- Watch your tone. That is to say, think about the emotion you want to convey with your words and choose a font which matches.
- Keep it consistent. Consistency in the look and appeal of your posts contributes to brand recognition whilst also helping you to generate more trust and customer loyalty. You can achieve consistent branding through your visuals by using repeated fonts, images, themes, and colours. Tip: in addition to choosing set fonts you will use, choose a set of colours for your social posts and stick to them. Try the Canva colour wheel to get started.
Step three: tell a story
People are 22 times more likely to remember something if it is delivered within a story. So, it is worth taking time to consider how you can incorporate your own unique brand story into your social media images.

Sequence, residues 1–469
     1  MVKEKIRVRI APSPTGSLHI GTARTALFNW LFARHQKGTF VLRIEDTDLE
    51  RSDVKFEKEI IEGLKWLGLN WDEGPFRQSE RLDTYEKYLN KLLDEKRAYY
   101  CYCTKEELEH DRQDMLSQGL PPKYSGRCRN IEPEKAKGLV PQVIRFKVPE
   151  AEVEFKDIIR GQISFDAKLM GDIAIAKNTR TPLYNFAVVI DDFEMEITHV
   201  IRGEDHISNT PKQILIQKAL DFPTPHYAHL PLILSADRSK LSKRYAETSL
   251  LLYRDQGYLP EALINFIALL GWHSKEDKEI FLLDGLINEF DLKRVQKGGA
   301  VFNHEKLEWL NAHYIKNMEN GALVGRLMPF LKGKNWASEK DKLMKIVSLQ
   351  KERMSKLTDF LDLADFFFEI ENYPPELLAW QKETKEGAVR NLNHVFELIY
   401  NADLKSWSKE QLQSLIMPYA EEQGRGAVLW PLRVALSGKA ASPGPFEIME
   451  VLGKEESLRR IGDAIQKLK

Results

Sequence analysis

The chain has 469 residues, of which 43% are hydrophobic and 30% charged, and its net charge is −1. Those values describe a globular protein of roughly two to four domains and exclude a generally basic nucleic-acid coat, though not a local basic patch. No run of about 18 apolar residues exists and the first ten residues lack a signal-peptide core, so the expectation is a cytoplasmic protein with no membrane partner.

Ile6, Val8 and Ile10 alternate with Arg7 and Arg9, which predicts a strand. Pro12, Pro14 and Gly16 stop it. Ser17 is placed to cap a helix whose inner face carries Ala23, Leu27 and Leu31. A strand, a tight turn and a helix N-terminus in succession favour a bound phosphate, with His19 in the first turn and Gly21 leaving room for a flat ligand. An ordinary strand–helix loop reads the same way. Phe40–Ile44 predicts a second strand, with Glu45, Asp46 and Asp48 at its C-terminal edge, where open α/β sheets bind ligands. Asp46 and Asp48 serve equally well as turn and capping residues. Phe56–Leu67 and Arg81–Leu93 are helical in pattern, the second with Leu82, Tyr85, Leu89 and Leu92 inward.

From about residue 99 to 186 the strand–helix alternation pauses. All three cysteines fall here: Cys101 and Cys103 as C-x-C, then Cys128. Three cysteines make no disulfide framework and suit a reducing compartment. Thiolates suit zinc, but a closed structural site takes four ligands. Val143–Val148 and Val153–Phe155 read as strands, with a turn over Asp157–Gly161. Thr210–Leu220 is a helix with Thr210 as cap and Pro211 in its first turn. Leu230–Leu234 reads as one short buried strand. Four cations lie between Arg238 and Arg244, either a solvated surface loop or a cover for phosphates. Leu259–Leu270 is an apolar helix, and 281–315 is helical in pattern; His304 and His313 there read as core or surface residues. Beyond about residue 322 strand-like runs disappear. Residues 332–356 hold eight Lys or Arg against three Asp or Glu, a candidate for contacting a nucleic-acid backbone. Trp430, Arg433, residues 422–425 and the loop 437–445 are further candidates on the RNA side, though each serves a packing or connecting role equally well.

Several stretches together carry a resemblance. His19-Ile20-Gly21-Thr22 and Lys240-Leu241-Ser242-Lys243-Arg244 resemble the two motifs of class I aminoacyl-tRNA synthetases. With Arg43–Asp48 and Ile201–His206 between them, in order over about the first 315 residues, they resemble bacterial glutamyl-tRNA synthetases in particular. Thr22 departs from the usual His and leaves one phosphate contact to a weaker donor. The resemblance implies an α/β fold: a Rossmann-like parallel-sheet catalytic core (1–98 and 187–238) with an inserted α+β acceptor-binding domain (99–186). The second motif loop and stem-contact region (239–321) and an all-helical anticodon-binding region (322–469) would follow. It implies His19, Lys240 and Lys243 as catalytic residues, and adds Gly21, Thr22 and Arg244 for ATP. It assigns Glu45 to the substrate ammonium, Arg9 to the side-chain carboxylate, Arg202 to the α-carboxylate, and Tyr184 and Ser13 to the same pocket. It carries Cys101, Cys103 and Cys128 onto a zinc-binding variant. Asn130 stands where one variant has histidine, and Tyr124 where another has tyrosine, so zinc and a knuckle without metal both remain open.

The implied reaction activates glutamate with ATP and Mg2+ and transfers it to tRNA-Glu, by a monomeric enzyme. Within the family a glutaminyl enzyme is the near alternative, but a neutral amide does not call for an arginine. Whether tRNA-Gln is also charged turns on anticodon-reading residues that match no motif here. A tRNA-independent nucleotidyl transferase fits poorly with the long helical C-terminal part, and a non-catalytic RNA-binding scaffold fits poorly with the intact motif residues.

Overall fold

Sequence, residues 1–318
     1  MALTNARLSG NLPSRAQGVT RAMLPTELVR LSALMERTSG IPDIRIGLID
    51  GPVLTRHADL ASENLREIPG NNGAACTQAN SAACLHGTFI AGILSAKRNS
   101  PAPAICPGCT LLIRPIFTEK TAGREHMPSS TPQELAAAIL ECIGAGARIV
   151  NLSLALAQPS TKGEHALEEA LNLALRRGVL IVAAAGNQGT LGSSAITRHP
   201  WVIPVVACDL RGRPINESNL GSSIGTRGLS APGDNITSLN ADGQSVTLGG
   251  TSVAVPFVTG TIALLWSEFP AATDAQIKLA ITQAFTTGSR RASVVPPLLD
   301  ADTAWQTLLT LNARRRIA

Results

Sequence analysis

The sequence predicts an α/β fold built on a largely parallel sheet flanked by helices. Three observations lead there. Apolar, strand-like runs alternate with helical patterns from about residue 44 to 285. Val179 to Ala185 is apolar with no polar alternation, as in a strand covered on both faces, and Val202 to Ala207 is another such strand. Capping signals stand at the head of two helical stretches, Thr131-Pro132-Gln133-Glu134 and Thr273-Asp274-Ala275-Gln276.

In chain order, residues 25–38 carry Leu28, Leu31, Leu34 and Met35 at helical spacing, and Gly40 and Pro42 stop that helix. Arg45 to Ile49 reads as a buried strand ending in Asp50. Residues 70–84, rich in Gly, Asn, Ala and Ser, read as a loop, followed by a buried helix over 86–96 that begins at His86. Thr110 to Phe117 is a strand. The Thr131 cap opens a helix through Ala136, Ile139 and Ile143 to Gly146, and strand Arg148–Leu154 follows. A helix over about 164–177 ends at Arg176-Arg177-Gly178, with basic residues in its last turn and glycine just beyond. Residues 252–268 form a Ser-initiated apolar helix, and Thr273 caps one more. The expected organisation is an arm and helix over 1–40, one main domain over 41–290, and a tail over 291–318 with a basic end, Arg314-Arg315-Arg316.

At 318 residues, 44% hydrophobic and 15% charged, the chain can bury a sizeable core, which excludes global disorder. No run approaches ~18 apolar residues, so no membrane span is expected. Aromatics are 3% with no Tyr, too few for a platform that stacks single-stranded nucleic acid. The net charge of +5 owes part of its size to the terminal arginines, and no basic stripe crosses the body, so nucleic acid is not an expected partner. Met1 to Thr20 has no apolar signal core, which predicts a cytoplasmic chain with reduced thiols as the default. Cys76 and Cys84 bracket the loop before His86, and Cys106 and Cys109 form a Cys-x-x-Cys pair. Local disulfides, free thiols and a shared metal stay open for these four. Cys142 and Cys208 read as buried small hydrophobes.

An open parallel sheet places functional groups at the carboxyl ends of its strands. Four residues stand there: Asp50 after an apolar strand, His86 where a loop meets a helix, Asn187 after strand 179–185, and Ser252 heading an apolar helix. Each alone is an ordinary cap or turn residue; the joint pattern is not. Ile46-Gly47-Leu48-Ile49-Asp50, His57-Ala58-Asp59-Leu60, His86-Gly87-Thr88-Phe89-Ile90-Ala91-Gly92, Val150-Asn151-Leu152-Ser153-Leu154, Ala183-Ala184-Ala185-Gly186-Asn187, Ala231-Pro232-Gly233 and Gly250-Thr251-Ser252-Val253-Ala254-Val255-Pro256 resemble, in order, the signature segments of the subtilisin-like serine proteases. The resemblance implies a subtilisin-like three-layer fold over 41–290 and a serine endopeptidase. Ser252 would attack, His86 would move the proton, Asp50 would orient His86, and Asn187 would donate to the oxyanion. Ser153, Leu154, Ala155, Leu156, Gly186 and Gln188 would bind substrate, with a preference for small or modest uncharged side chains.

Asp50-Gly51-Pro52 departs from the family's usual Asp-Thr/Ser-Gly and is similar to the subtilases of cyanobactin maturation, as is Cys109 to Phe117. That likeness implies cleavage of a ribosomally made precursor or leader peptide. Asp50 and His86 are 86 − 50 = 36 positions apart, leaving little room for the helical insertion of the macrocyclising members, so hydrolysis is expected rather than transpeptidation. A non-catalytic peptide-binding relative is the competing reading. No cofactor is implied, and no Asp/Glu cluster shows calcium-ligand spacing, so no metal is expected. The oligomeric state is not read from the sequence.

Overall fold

Consider what you want to say with your designs. What do you want your audience to know about your enterprise? What do you want them to care about? What valuable ideas can you build your content assets around? Choose some compelling ideas or themes that you can infuse within your story which reflect your values and voice as a business.
For inspiration, consider what the world would be like if we could realise our BIG goal as a movement. For this exercise, It helps to have your own main goal in mind. What is your mission as an enterprise? With this intention, what could be your “call to adventure” to your audience?
You can create the sense of story in your images by creating a path your audience can follow through your image. For example, place important and eye-catching bits in the top left hand corner and secondary elements in the bottom right hand corner.
Free and simple tools to design your own visuals